An important part of our dedicated initiative to revitalise the Scandinavian Brewers’ Review, which has been described in great detail in both my editorials and in other articles over the past few years, was the decision to make the last three 2019 issues of the SBR theme issues digging a bit deeper into the beer and brewery scene of the individual Nordic countries. We started in the No. 2, 2019 with a Norway issue, and, in this one, we continue with Sweden. We plan to finish 2019 with Denmark, and we hope to open up 2020 with a Finland theme issue. All, obviously, provided that we will be able to source sufficient material from the ‘theme countries’. So hereby a warm welcome to the second-ever countrythemed issue of the SBR, and the first with Sweden as the theme!
Sweden is very interesting in a brewing context for various reasons. Firstly, Sweden is the biggest country in our region and has the largest number of breweries and the largest total beer consumption in the Nordic/Baltic. Secondly, the industry in Sweden lives under a quite unfriendly political regime as regards sales channels, advertising and taxation. But, on top of this, I personally find the history of craft brewing in Sweden intriguing: As Erika Danckwardt-Lillieström and Fredrik Sörbom from Sveriges Bryggerier write in their contribution, ‘The Swedish Brewing Boom’, Sweden was first country in our region to see a start of the establishment of small craft breweries, with more than 10 of these opening in the early 1990s.
This would indicate that Sweden would remain far ahead of the other Nordic countries in respect to the number of craft breweries, but then the – to me, at least – strange phenomenon set in: A very, very slow and small growth in the segment right up until 2011. In Denmark, we saw the boom start already around year 2000, and in both Norway and Finland only a few years later. But, as Erika and Fredrik outline in their article, the boom in Sweden since 2011 has been tremendous, so that Sweden is now at least on par with the rest of the Nordic countries as regards the number of breweries per capita.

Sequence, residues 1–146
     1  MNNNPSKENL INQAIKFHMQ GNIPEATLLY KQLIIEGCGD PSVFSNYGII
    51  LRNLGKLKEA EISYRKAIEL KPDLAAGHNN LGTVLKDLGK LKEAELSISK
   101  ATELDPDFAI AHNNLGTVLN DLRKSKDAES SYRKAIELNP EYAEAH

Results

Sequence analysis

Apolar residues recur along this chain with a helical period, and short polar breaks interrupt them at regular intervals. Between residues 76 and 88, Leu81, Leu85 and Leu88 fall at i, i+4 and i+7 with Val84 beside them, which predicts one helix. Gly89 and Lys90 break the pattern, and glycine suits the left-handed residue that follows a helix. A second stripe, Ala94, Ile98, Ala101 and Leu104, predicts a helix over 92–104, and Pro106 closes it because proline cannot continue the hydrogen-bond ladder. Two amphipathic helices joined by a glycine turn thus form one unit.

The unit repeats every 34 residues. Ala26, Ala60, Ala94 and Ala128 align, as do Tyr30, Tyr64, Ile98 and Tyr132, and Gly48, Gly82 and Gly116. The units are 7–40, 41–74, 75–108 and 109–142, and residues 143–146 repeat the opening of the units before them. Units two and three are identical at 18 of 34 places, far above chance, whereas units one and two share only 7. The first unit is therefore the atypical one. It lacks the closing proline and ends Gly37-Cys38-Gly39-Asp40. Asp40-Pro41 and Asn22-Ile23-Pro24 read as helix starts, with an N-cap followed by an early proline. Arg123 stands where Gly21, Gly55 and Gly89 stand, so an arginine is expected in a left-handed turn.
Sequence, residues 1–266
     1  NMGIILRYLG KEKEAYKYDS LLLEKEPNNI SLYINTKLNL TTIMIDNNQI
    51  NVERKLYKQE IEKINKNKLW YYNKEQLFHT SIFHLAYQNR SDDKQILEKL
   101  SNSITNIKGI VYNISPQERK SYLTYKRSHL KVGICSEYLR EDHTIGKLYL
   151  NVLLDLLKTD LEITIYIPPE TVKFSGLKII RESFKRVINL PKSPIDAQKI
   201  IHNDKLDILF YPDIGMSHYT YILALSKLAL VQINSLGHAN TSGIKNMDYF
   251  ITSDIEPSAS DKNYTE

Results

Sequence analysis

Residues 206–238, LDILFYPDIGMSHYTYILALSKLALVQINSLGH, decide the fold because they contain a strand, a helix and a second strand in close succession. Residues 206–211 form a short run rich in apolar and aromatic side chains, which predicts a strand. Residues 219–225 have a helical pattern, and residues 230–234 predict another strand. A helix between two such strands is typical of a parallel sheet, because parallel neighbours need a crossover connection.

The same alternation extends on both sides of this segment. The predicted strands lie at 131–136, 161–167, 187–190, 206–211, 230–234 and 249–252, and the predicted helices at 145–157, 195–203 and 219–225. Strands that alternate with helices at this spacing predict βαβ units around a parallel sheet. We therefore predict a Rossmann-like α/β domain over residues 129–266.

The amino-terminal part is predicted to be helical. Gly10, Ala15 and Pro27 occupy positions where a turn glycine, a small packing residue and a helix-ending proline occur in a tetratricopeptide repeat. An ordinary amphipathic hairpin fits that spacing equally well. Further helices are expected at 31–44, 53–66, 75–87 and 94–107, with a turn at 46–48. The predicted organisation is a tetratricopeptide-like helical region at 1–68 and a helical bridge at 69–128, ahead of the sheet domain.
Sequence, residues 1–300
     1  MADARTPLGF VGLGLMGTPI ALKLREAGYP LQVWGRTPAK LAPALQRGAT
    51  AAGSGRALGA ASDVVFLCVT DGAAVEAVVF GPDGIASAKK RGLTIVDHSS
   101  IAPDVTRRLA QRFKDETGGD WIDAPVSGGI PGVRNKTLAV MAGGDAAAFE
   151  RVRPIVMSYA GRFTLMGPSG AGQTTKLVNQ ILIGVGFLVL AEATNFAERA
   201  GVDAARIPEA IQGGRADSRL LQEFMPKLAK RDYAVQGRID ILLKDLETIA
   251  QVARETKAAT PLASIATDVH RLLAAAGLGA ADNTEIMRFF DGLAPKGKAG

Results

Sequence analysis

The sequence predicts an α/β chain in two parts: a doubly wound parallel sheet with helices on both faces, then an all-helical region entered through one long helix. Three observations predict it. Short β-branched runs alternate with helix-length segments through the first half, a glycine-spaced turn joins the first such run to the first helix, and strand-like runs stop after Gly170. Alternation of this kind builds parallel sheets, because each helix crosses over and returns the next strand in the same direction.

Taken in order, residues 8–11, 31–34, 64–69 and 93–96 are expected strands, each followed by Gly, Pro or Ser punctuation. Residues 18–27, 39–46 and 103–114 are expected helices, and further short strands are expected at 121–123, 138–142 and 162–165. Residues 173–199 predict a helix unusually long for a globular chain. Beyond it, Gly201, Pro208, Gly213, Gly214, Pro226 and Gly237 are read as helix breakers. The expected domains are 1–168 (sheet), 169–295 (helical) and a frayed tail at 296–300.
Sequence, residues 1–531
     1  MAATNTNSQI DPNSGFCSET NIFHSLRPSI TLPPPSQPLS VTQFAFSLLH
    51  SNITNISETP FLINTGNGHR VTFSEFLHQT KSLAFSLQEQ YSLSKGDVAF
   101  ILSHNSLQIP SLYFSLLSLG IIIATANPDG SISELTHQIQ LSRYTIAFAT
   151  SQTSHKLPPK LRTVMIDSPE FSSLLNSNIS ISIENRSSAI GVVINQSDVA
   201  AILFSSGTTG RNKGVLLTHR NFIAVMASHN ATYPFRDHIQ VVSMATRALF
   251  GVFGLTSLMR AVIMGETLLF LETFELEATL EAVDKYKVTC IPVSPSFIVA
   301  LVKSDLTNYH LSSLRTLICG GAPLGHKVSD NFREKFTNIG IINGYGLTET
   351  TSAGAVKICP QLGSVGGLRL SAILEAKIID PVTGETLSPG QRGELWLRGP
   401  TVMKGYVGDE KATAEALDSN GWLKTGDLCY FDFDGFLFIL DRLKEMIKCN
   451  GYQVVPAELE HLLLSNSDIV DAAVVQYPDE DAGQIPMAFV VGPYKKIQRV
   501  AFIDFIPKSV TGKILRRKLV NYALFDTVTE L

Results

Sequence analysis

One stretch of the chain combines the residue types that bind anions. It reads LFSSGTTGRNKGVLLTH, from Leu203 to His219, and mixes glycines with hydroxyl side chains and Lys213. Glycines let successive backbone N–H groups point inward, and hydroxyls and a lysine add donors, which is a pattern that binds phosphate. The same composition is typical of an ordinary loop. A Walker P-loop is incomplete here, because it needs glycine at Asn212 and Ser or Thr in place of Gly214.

The picture painted by Erika and Fredrik of the current Swedish brewing and beer scene is largely quite similar to all other western countries. But it is also noteworthy that this picture underlines that no two countries are the same – Sweden shows some interesting and unique features that I hope you will appreciate when reading the article.
We at the SBR are happy and proud to be able to give you, dear reader, a little glimpse into the universe of beer and brewing in Sweden, and we’re equally happy to have opened ‘channels of communication’ with now two of the leading organisations on the Swedish beer scene – Sveriges Bryggmästare Förening and Sveriges Bryggerier – from which we hope and trust we’ll be able to source much more relevant news in coming issues of the SBR – Sweden-themed and ‘regular’ issues.
Besides the articles from the two organizations, we are bringing you two very different stories about Swedish craft breweries – a ‘general’ story about the background, history and present of the Dykes Brewery and another – perhaps a bit more surprising – about the introduction of Artificial Intelligence-based technology at the Sälens Fjällbryggeri. At least as surprising and refreshing – to me, at least – is the article from our old friend and contributor Uwe Leibfacher on a project involving setting up a complete production facility for non-alcoholic, fruit-based health drinks in Norrköking. Uwe is, apart from contributing with his own article, the person appointed by Sveriges Bryggmästare Förening as their regular contact person/correspondent to the SBR. We thank Uwe for taking on this role and welcome him into our little family, and wish him luck with shaking up some of the many relevant contributors to the SBR that we did not feature in this issue.
Happy Sweden reading!
But, as always at this time of year, we also have a strong focus on the annual European exhibition event for our industry, the Brau Beviale, held in Nuremberg, Germany from the 12th through the 14th of November this year. As always, our focus in the coverage of Brau is on the presence at the exhibition of the companies from our own region, and we hope that we, in this way, contribute to the success of the trips we know that a lot of our readers take to the exhibition. Please remember that we at the SBR always very strongly encourage you to comment on the anything you wish to comment on in the magazine, but obviously particularly on the editorial. May I remind you that this request this time is more critical than ever!
Please forward your comments to firstname.lastname@example.org.
Technical Editor, Scandinavian Brewer’s Review